Communicating ethical practice

In my last blog I talked about the key roles and responsibilities for the development, implementation and monitoring of a business ethics approach in an organisation. With any organisational change we need to ensure that we communicate the right message appropriately to our team members. In this post I will continue on with our business ethics focus and consider the change component.

Once you have a business ethics approach in place, you need to ensure that people use it. It is important to remind managers and team members regarding the agreed business ethics guidelines and expectations. One way to do this is to have a formalised change and communication plan. Like all new implementations, this should be handled as a project as we are either introducing something new or changing something that exists.

A change and communication plan would focus on areas such as:

  • Change objectives
  • Delivery channels
  • Timing of change and communication activities
  • Key messages
  • Key messengers and change agents
  • How we will measure change effectiveness

Creating an ethical business requires an implementation approach similar to other cultural change processes. In my experience, changing our thoughts and behaviours takes time and reinforcement. A lot of cultural change takes about 18 months to two years to effectively implement. But we will need some quick wins.

Quick wins can come in a number of formats, what I have seen in practice are:

  • Awareness and information sessions
  • Training for key team members and monitoring representatives
  • Posters of key ethical messages
  • Good ethical examples like a ‘safety share’ at the beginning of meetings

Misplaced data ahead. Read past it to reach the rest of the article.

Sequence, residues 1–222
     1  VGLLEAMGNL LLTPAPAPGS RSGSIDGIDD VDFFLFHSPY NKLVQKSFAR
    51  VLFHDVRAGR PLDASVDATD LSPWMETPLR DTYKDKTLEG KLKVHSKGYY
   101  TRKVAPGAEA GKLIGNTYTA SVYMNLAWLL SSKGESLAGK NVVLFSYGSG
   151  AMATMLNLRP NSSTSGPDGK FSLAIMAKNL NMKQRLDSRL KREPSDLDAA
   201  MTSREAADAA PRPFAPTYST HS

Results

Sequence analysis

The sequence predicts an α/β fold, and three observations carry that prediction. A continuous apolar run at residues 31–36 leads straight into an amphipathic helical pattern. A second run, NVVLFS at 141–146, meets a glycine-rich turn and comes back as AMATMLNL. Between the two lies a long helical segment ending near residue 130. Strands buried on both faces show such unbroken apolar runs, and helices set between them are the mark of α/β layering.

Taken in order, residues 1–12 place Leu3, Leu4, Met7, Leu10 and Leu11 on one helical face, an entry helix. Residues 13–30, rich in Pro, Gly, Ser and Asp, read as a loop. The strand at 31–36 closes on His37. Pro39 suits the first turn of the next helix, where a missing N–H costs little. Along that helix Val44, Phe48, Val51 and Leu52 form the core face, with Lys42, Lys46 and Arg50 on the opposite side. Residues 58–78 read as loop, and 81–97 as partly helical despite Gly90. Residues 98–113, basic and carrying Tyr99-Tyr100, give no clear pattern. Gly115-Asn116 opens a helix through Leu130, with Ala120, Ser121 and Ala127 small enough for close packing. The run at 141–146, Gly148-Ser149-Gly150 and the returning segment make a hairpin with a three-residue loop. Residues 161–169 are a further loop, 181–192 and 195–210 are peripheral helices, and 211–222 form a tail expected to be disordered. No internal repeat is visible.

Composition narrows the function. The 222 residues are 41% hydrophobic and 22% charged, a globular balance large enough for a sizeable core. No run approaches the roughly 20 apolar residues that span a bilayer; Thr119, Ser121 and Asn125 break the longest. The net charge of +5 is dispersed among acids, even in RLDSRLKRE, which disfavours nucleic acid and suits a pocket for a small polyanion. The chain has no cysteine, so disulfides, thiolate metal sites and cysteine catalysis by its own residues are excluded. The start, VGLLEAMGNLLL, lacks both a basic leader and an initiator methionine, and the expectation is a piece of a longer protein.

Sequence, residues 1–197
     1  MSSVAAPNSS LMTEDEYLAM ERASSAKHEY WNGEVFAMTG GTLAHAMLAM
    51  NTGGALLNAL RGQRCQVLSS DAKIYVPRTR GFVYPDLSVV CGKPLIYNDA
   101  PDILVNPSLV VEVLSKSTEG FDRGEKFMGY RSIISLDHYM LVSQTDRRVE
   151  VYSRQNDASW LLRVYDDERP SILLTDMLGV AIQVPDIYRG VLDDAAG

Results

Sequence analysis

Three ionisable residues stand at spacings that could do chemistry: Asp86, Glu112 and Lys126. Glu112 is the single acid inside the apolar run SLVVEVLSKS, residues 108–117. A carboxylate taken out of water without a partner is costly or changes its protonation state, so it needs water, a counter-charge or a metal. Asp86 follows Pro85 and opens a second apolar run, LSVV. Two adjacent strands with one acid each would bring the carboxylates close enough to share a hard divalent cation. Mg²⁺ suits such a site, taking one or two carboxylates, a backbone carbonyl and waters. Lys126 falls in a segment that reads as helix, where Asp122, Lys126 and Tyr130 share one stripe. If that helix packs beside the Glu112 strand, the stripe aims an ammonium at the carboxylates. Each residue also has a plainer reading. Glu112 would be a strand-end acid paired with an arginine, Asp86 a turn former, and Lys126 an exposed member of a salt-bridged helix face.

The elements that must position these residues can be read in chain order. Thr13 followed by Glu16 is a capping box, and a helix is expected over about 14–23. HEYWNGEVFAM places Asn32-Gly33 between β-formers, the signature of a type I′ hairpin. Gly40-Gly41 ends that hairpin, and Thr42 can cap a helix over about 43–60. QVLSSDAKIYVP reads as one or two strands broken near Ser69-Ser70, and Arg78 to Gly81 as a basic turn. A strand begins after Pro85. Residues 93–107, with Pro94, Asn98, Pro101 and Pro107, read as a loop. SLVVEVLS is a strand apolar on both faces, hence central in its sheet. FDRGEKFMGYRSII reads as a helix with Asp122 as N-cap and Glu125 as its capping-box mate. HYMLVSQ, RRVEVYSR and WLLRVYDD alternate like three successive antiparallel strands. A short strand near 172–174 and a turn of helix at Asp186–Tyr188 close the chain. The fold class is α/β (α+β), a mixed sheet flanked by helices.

• Brochures and easy-to-understand information
  • An award at the company recognition process
  • A measure in personal performance plan

If we are personally assessed against ethical conduct and it is linked to our reward system, overall organisational change will be faster. Those responsible for communicating to team members are usually leaders, therefore we need to ensure that leaders have the right tools and key messages to pass down to their teams. Best practice change management indicates that the most effective person to message team members is the leader that those team members report to.

I find that in this fast-paced organisational context there are no easy answers all of the time. In the area of knowing what is ethical or not we often find that a single policy or procedure might not be able to provide the full guidance we need. So therefore we need to ensure that all leaders and team members are aware of their roles and personal accountabilities in the area of ethical practice and what the costs are to themselves, their colleagues and the business as a whole if they don’t get on board.

This article was published at http://projectmanager.com.au/author/elissafarrow/

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